Posted on September 11th. 2017
Questionnaire by Omni on behalf of METAL TO INFINITY WEBZINE BELGIUM
When I interviewed Cirith Ungol earlier this year, the only current member of the band who did not participate was Jarvis Leatherby, the current bassist and the band’s manager. The other band members gave him a lot of credit for being a major catalyst for their reunion, but it’s also important to remember that his full-time gig is with Night Demon. I decided to catch up with Jarvis so that we could have a one-on-one about Night Demon, Cirith Ungol and what led to his intense passion for heavy metal music.
Omni: Hello, Jarvis. Thank you for taking the time to do this interview. How are you doing?
Jarvis: Doing great! Just in the airport in London, waiting for my flight back to L.A. Just finished singing for Jaguar at a festival in France. Life is good.
Omni: Wow! You’re an incredibly busy guy. How do you manage to find the time to record and tour with Night Demon, play big festivals with Jaguar and Cirith Ungol and organize Frost and Fire Fest?
Jarvis: Basically just do it all the time. It’s my full-time job and then some, but I absolutely love it! I’ve been in the music industry most of my life. It’s just who I am at this point. I don’t know any different.
Omni: It’s obvious that you love what you’re doing. How did you start playing music and when did you decide that playing heavy metal was the career that you wanted to undertake?
Jarvis: My dad was a musician and started at a pretty young age. That wore off on me quickly, and I guess you could say the first time I heard Deep Purple and Van Halen cranking through the stereo at home, I knew right then and there what I wanted to do. The music really struck me in the heart like a bolt of lightning. I’ve been fortunate to play a lot of different styles of music over the years, but hard rock and heavy metal have always been at the epicenter of my soul. Just something about it that has always empowered me and made me feel right.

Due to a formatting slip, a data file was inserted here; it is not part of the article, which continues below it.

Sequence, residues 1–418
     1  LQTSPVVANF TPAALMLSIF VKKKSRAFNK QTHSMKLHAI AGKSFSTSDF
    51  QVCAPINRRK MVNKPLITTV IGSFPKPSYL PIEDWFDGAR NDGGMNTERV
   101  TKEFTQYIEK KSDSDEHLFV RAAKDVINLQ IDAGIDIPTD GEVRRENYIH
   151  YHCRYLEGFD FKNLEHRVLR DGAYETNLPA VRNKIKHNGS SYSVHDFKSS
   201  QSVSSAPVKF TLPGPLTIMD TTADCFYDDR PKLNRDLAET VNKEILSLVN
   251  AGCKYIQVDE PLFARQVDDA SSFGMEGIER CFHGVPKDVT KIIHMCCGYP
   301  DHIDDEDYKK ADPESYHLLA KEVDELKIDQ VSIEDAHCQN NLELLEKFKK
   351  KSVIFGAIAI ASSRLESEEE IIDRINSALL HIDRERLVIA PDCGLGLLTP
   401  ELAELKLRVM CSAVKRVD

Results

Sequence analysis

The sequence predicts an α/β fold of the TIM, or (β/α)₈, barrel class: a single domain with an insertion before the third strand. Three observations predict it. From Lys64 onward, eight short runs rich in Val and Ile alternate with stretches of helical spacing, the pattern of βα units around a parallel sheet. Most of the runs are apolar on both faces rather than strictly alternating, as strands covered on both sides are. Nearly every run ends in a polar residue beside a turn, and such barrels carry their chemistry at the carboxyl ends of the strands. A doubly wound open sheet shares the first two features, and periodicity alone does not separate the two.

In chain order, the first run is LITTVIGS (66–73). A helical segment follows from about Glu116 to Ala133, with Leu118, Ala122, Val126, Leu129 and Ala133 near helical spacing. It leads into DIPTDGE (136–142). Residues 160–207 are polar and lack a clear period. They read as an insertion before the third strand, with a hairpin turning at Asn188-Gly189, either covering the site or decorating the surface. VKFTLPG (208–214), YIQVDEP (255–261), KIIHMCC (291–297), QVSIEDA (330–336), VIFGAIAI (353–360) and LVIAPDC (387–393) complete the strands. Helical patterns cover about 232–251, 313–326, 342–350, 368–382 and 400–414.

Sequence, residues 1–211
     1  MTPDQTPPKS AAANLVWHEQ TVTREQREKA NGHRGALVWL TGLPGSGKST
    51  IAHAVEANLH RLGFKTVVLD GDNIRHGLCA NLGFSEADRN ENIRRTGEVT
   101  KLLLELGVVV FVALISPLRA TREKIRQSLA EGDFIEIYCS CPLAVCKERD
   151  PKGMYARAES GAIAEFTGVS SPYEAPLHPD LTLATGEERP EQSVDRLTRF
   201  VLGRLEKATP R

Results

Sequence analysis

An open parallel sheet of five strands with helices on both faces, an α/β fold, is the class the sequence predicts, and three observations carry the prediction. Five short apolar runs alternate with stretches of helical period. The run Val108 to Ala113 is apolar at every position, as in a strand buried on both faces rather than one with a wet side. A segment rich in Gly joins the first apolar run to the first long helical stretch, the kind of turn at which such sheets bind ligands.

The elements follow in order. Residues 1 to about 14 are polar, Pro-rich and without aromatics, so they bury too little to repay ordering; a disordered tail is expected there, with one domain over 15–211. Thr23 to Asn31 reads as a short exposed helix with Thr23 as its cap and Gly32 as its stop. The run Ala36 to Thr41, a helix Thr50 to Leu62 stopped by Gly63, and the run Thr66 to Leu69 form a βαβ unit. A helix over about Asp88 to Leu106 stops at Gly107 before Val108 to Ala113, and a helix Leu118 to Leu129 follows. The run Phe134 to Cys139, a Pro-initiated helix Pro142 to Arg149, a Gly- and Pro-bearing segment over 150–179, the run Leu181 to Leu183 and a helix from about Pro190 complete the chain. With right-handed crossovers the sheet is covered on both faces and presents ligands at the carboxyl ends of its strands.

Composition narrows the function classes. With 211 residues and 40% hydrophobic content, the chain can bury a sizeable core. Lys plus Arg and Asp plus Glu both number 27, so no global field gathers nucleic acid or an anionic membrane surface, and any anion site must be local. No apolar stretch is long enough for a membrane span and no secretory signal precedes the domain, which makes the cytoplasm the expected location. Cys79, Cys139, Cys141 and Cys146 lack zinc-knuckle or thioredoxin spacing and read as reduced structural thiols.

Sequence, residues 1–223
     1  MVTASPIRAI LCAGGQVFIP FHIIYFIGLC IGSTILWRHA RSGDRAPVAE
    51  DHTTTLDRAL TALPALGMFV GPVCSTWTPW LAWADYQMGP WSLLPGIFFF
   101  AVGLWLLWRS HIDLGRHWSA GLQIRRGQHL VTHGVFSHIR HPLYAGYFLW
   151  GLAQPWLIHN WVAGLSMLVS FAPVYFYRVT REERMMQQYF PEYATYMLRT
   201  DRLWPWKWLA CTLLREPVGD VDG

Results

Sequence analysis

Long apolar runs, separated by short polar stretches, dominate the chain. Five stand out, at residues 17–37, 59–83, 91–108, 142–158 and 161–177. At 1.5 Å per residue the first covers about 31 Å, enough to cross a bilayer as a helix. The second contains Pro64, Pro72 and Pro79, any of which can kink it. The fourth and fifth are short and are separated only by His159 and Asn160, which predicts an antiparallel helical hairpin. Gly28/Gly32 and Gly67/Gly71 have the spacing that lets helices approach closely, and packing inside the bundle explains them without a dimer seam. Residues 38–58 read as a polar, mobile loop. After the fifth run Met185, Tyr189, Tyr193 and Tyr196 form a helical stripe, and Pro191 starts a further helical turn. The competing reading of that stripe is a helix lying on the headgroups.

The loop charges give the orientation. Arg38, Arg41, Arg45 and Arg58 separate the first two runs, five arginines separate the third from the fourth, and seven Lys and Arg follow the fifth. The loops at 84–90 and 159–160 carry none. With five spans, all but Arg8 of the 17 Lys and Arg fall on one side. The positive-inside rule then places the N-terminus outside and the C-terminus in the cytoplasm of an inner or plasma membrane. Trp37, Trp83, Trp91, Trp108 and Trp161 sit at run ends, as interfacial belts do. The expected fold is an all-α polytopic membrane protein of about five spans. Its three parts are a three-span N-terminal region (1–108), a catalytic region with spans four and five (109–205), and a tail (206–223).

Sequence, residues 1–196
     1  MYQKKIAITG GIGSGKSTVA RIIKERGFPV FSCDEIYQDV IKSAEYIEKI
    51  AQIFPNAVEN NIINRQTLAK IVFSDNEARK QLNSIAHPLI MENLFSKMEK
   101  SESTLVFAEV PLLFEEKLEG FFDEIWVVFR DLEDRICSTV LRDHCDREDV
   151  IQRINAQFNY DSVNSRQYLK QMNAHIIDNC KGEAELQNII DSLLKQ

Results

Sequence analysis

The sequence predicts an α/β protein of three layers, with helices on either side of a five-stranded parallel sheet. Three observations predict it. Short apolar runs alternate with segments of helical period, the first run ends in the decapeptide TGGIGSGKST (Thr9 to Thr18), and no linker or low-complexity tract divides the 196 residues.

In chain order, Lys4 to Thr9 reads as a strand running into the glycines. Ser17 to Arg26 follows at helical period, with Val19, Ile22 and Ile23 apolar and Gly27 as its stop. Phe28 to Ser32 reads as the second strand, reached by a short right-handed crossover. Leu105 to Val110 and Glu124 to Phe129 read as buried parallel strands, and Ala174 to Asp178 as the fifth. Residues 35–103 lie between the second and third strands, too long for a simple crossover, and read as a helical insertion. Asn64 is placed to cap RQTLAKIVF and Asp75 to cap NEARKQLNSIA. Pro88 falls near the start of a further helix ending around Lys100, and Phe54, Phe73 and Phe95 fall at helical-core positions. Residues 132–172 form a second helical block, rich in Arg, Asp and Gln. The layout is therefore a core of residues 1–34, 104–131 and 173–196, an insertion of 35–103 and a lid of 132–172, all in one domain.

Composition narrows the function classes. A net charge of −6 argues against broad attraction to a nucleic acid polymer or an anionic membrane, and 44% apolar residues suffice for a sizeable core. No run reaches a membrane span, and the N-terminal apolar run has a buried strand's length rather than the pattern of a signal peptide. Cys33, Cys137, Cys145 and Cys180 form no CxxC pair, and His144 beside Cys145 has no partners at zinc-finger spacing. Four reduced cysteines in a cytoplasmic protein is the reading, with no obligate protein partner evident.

Omni: Yes, I’ve heard that you played and recorded music prior to your work with Night Demon. What can you tell me about it?
Jarvis: Not too much, because there is a vast range of many different styles, and a really big catalog of music. I will say that my first band was called Black Opal. We were a heavy metal band based out of Oxnard, California. The group started when I was in junior high and lasted up until the end of high school, when my best friend and bass player Doug Clark passed away in an auto accident. We actually stole the name from my Dad’s first band which also featured Michael Anthony who would later go on to join Van Halen.
Omni: I’m sorry to hear about your friend’s passing. I’m sure that he’d be very proud of what you’re doing these days. As far as Night Demon, the band is just three guys in a classic power trio setup, where a lot of bands want to have two guitarists or some other weird lineup. Was it a conscious decision to keep things basic?
Jarvis: Not really. We really wanted two guitar players when we started, but honestly we didn’t really know anyone who would fit musically. Out of the hundreds of musicians we knew at the time, it was important for me to play with people who really loved and understood the NWOBHM sound and feel. It’s actually been a blessing in disguise, as over the years we have really created our own signature sound and constantly step up to the challenge of having only three guys make such a big sound. It’s part of our identity and it totally works for us.
Omni: I’m glad things have worked out and that you’ve developed a style that works for you and also rocks hard. What are your biggest influences in Night Demon?
Jarvis: Most of the NWOBHM bands from the seventies and eighties. Also I would say the obvious like Maiden, Priest, Purple, Sabbath, Metallica, Accept, Van Halen, and a lot of seventies proto metal stuff.
Omni: Are you planning to do more tribute songs in the vein of “Maiden Hell” in the future? That was an interesting way to pay tribute to a band that you obviously love.